May 6/Obesity, Fitness & Wellness Week -- According to recent research in the U.S., "Portion-size estimation is an important component of weight management. Literacy and numeracy skills may be important for accurate portion-size estimation."
"It was hypothesized that low literacy and numeracy would be associated with decreased accuracy in portion estimation. A cross-sectional Study of primary care patients was performed from July 2006 to August 2007; analyses were performed from January 2008 to October 2008. Literacy and numeracy were assessed with validated measures (the Rapid Estimate of Adult Literacy in Medicine and the Wide Range Achievement Test, third edition). For three solid-food items and one liquid item, participants were asked to serve both a single serving and a specified weight or volume amount representing a single serving. Portion-size estimation was considered accurate if it fell within +/- 25% of a single standard serving.
"Of 164 participants, 71% were women; 64% were white; and mean (SD) BMI was 30.6 (8.3) kg/m(2). While 91% reported completing high school, 24% had <9th-grade literacy skills, and 67% had <9th-grade numeracy skills. When all items were combined, 65% of participants were accurate when asked to serve a single serving, and 62% were accurate when asked to serve a specified amount. In unadjusted analyses, both literacy and numeracy were associated with inaccurate estimation. In multivariate analyses, only lower literacy was associated with inaccuracy in serving a single serving (OR=2.54; 95% CI=1.11, 5.81). In this study, many participants had poor portion-size estimation skills. Lower literacy skills were associated with less accuracy when participants were asked to serve a single serving," wrote M.M. Huizinga and colleagues, Johns Hopkins University, Medical Department.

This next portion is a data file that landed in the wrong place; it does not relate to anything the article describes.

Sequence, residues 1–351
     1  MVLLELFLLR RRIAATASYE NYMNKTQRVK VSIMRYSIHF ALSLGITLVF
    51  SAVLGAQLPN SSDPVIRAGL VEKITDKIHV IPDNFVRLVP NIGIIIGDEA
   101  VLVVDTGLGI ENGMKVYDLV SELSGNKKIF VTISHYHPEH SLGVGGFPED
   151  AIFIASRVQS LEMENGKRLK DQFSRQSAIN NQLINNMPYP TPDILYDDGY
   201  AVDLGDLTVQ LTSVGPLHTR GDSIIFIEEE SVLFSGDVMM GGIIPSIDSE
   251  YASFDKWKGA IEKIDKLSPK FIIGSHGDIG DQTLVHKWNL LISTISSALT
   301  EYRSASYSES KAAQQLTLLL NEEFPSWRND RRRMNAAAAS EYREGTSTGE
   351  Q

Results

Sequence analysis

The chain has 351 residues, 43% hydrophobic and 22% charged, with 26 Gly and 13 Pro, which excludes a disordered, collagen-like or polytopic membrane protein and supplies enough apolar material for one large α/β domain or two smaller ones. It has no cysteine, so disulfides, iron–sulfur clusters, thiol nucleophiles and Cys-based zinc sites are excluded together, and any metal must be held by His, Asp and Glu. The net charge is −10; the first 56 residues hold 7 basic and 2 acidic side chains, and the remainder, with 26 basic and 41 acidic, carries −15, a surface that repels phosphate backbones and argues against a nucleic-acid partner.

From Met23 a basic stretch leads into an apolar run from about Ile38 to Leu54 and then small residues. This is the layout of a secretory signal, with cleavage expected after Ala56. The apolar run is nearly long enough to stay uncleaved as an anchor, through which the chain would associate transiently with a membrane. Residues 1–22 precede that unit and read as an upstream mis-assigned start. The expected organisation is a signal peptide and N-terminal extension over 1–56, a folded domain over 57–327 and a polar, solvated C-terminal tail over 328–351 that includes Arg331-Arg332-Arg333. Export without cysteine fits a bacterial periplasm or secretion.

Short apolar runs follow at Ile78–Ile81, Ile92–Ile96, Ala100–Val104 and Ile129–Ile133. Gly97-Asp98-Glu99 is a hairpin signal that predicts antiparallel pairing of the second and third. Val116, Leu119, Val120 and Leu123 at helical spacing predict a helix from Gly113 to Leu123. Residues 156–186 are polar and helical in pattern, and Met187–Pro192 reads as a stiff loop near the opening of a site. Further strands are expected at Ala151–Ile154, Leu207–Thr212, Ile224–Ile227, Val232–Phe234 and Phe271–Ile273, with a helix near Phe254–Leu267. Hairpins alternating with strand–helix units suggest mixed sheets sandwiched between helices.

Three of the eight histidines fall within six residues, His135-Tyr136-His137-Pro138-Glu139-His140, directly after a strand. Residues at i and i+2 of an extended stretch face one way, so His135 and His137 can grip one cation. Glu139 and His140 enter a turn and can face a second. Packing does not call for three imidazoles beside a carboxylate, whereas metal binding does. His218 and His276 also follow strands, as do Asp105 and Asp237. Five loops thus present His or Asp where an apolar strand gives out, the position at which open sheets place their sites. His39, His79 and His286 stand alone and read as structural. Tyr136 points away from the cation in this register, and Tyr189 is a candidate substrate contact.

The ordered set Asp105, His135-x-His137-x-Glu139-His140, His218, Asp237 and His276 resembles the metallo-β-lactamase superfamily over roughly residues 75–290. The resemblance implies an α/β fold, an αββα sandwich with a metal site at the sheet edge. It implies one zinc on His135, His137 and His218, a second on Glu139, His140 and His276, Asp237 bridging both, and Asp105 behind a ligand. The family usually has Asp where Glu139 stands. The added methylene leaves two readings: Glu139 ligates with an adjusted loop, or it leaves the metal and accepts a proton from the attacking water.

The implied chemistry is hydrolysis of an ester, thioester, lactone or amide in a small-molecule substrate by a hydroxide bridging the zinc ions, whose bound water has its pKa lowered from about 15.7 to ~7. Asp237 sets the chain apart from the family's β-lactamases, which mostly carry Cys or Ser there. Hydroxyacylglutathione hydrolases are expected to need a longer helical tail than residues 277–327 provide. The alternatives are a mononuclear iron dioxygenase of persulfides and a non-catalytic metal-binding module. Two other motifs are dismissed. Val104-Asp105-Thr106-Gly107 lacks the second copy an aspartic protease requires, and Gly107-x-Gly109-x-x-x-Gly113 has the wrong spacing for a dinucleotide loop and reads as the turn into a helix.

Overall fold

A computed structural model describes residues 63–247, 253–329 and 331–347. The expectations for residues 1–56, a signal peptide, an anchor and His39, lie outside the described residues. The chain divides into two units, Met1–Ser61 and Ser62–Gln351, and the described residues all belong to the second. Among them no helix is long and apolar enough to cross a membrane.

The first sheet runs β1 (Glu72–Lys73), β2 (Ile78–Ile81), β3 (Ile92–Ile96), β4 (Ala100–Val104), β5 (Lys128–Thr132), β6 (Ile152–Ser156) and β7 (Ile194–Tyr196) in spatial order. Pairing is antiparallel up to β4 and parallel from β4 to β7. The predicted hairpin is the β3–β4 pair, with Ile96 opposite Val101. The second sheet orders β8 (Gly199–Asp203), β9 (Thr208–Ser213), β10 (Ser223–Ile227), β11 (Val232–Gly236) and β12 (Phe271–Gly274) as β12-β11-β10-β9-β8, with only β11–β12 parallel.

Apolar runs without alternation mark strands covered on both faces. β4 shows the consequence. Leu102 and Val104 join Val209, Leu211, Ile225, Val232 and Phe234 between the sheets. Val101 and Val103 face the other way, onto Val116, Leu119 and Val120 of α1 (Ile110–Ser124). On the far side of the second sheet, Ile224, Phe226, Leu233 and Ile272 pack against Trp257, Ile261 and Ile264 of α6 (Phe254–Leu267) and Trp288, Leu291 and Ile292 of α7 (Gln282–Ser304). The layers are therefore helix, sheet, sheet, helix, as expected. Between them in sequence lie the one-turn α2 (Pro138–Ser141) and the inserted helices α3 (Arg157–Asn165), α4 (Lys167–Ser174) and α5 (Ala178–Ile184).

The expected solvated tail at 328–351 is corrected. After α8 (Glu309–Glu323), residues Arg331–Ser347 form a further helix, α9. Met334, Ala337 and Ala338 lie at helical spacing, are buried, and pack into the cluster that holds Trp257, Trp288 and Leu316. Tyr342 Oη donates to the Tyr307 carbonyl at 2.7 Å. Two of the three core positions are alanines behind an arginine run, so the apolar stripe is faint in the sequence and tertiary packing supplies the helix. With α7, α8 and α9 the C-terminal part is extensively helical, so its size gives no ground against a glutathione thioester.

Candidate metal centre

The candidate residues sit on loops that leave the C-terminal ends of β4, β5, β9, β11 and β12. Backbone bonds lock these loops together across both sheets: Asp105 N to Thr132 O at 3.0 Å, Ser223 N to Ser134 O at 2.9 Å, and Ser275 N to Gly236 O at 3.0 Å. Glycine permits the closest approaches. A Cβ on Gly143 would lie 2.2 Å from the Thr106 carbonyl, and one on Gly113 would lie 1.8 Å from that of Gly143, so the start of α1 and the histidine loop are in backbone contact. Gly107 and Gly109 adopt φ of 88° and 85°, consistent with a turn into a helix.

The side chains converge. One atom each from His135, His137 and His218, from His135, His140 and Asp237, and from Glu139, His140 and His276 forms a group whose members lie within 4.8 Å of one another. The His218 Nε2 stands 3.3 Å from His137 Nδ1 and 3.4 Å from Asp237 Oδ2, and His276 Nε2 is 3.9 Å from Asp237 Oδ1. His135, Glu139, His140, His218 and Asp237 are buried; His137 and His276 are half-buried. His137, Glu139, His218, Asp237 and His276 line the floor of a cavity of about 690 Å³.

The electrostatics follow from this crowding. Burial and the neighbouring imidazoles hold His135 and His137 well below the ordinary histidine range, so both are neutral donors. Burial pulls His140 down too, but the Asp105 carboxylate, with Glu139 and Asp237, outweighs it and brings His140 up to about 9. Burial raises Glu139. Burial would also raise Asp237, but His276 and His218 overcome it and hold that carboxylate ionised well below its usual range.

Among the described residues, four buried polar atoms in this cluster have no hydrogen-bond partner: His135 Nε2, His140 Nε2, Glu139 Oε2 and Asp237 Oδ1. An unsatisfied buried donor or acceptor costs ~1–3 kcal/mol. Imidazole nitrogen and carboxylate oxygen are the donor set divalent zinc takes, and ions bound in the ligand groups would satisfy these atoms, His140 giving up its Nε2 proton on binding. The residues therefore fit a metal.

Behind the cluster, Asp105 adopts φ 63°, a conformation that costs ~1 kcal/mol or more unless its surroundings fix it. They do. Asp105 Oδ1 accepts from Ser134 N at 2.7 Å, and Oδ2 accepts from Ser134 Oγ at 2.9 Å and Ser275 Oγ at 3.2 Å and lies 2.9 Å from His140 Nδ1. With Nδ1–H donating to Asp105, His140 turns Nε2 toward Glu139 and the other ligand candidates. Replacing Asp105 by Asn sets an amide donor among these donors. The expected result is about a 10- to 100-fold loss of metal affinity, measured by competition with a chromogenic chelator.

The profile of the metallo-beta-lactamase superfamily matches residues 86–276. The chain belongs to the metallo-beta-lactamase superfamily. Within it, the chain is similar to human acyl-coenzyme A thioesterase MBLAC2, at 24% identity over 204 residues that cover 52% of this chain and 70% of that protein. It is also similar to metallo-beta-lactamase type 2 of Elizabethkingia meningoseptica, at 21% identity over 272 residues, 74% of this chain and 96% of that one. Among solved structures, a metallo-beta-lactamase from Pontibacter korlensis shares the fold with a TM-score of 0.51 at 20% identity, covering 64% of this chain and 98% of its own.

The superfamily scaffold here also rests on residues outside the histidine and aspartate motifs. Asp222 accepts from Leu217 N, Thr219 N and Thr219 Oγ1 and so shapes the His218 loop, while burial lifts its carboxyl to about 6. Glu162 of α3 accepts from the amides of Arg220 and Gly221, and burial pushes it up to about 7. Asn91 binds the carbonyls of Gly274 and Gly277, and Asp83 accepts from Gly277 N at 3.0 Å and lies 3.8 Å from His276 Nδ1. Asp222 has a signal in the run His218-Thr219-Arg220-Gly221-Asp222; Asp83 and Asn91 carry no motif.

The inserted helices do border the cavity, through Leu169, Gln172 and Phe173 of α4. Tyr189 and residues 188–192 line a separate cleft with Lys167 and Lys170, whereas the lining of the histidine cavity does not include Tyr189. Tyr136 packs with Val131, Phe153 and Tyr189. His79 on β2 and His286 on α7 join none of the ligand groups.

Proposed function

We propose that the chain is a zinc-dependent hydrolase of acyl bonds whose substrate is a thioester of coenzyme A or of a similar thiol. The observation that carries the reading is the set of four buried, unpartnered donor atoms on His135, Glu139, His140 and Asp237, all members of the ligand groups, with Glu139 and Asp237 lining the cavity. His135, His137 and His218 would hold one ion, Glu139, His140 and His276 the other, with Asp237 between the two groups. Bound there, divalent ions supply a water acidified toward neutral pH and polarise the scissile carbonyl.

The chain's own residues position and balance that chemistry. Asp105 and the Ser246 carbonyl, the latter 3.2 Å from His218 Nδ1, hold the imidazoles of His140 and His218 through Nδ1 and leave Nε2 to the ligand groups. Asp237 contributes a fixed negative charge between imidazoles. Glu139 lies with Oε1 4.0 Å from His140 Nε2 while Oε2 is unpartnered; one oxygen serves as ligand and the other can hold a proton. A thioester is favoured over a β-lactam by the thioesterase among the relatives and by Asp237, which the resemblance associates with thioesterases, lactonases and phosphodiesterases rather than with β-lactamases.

The researchers concluded, "Opportunities may exist to improve portion-size estimation by addressing literacy."
Huizinga and colleagues published their study in American Journal of Preventive Medicine ("Literacy, Numeracy and Portion-Size Estimation Skills." American Journal of Preventive Medicine,/i>, 2009;36(4):324-328).
For additional information, contact M.M. Huizinga, Johns Hopkins University, Division General Internal Medical, Dept. of Medical, 2024 E Monument St., Suite 1-500, Baltimore, MD 21205.
From the May 11, 2009, Prepared Foods E-dition